This has been a wonderful week for theater – with openings for terrific Broadway shows The Ferryman, The Waverly Gallery, The Lifespan of a Fact. And not just on Broadway: The 21st New York Fringe festival featured such juicy fare as “James Franco and Me” (see reviews below.)
The world outside the theater has been filled with hate – first the mailing of pipe bombs to critics of Donald Trump, then the murder of 11 Jews worshipping in their synagogue in Pittsburgh called the Tree of Life.
But if the theater provides an escape from the ugliness, it also offers an alternative to it. Check out “Nazis and Me,” David Lawson’s solo show at Under St. Marks Theatre about his encounter with hate groups, and “India Pale Ale,” a play byJaclyn Backhaus presented by MTC at City Center, which is inspired by a previous mass killing in a house of worship, the murder of six people at a Sikh temple in Wisconsin in 2012.
“We are you and you are us,” the widow of the slain character says in the Off-Broadway play. “What has to change to allow you to love someone whose culture differs from yours? What has to change? What has to change? What has to change?”
The Week in NY Theater
By the time “The Ferryman” has ended, we have been treated to a breathtaking mix of revenge action thriller, romance, melodrama, family saga, and a feast of storytelling – ghost stories, fairy stories, stories of Irish history and politics, stories of longing and of loss.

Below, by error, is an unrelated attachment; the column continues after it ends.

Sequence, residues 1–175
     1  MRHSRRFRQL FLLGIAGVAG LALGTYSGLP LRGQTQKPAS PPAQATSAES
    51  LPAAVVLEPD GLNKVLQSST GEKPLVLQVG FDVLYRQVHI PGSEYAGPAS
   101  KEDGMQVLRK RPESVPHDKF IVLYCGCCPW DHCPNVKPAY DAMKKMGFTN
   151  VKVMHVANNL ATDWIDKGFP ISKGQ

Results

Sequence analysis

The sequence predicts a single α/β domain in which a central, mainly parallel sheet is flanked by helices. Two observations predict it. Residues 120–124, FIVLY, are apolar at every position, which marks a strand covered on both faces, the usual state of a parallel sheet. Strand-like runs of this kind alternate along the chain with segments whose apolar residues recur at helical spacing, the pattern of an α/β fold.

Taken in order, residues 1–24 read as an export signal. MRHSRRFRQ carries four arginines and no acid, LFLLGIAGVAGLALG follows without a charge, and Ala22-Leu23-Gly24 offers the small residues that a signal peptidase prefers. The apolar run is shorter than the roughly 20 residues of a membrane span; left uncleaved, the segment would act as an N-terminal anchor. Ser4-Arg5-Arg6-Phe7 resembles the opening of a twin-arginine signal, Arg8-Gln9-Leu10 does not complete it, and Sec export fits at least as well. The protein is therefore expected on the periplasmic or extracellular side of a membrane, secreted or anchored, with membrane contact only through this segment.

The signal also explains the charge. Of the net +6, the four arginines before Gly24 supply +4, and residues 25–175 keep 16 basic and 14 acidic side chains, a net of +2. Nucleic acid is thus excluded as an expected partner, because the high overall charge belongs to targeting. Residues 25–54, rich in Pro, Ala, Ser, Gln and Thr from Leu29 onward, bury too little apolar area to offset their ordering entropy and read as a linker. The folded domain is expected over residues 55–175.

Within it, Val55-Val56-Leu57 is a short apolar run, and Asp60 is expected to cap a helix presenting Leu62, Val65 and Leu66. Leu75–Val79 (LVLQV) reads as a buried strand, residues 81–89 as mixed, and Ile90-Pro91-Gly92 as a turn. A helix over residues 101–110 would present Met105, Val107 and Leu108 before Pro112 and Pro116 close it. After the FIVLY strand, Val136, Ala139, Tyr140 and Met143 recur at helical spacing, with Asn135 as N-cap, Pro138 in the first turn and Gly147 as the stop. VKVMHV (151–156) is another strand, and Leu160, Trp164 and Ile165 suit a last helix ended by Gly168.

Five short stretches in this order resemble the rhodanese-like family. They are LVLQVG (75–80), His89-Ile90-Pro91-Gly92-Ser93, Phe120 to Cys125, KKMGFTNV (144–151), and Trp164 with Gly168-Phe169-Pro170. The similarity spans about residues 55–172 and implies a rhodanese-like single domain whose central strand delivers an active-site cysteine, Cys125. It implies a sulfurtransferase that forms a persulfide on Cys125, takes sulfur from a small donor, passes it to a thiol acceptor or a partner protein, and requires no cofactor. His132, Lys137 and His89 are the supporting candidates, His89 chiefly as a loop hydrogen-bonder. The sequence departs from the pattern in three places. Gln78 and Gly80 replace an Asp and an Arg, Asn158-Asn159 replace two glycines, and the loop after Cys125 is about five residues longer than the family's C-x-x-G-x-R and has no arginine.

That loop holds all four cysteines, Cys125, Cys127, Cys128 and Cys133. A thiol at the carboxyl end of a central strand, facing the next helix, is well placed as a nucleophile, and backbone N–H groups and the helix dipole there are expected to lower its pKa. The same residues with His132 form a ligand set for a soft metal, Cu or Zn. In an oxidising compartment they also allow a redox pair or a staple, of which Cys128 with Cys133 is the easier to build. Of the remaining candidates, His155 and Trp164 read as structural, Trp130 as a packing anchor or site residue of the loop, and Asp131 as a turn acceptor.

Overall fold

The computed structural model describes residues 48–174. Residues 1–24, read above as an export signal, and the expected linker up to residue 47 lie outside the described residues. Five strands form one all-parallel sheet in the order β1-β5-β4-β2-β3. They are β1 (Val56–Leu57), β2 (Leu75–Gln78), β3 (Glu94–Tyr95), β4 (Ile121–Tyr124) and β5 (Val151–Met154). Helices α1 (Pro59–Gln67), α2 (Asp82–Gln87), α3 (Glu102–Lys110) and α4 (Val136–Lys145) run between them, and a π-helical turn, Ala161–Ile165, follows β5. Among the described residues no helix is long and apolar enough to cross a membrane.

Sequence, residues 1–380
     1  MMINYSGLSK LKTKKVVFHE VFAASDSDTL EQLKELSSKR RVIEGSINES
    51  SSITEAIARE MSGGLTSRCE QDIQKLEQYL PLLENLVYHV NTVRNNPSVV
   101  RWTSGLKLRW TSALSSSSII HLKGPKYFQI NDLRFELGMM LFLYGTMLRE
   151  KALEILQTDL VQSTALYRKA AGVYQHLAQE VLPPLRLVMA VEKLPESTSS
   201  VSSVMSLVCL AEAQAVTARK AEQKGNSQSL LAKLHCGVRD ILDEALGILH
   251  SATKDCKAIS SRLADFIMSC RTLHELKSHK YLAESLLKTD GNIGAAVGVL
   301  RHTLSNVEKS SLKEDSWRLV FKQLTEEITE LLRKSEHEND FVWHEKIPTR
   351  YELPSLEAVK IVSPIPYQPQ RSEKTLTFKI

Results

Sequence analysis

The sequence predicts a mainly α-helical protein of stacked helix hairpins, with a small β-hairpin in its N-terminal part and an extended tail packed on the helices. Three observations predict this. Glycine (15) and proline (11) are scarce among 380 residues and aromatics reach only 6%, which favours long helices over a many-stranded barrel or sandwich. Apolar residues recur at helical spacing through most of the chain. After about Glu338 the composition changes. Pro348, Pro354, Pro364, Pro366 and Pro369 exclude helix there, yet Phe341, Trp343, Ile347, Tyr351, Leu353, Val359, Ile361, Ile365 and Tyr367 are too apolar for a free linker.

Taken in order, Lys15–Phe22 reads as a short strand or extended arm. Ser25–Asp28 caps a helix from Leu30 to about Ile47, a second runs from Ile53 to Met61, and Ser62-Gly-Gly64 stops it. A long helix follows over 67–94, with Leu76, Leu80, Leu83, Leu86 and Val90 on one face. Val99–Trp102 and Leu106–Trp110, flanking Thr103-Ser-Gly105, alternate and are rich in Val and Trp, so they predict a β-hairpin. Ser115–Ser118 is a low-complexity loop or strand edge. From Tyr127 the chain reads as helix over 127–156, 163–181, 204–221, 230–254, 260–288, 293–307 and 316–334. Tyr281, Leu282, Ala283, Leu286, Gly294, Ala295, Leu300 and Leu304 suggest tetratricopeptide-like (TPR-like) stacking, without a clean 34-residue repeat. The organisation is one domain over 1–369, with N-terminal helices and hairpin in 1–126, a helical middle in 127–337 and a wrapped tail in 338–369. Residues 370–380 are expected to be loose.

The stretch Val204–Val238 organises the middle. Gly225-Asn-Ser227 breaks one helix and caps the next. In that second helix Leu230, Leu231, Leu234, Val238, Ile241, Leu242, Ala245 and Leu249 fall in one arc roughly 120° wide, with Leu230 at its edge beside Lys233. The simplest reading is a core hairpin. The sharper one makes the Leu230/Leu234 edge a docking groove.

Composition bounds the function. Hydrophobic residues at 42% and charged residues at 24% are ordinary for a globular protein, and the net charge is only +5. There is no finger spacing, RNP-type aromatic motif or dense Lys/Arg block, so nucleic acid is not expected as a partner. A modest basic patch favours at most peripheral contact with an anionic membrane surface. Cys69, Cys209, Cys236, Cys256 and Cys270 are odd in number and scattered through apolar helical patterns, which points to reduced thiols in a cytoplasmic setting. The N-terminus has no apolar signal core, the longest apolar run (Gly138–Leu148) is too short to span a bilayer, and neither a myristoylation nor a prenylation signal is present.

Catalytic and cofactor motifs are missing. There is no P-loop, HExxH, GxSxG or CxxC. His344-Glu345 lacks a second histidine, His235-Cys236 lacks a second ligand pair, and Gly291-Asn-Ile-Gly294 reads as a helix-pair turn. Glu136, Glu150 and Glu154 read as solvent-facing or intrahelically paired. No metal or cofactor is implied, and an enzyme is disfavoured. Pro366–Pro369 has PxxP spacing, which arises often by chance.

Jez Butterworth’s play about farmer Quinn Carney and his sprawling, colorful family is rich, sweeping entertainment — epic, tragic….and cinematic.
Elaine May is back on a Broadway stage after more than 50 years, and making the most of it in The Waverly Gallery, Kenneth Lonergan’s meticulously observed, funny and sad play about a woman’s decline and its effect on her family. May is not alone. She is one of five stellar cast members, notably Lucas Hedges making a splendid Broadway debut. They turn this 18-year-old play into…if not required, certainly well-rewarded viewing.
take “The Lifespan of a Fact” personally.
On the one hand, Cherry Jones, Bobby Cannavale and Daniel Radcliffe, are three of my favorite actors in the universe, performing in a comedy directed with a light, fast touch by Leigh Silverman…On the other hand, the play purports to examine several serious and timely issues…It simply doesn’t do justice to the issues underneath the comedy.
Last year, James Franco’s lawyers sent a cease-and-desist letter to a theater that was going to present Kevin Broccoli’s play “James Franco and Me,” insisting they stop marketing the movie star’s name. The theater canceled the production. Yet here it is a year later, being presented at FringeNYC through Sunday with a slightly altered name: “James Franco and Me: An Unauthorized Satire.”
“India Pale Ale,” a play by Jaclyn Backhaus running Off-Broadway, suddenly becomes shockingly timely with the killing of 11 Jews in a synagogue in Pittsburgh.
Halfway through the play, a character barges into a bar owned by his ex-girlfriend, distraught: “Like a bunch of people were shot at services….Your dad like…” The play is about a Punjabi Sikh family in Wisconsin named the Batras
The Week in New York Theater News
— New York Theater (@NewYorkTheater) October 25, 2018